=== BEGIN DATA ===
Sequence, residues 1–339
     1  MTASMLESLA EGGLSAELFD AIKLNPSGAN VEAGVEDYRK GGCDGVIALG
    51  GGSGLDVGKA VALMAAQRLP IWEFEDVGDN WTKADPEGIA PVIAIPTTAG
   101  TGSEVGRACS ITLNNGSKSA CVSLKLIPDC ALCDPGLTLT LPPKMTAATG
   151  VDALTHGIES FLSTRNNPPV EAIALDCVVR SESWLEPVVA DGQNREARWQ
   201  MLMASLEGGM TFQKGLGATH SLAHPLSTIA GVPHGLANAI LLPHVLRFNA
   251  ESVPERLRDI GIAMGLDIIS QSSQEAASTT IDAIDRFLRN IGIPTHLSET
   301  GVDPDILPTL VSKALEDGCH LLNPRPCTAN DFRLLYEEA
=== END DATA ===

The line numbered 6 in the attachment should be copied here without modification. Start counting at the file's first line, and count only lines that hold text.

   201  MLMASLEGGM TFQKGLGATH SLAHPLSTIA GVPHGLANAI LLPHVLRFNA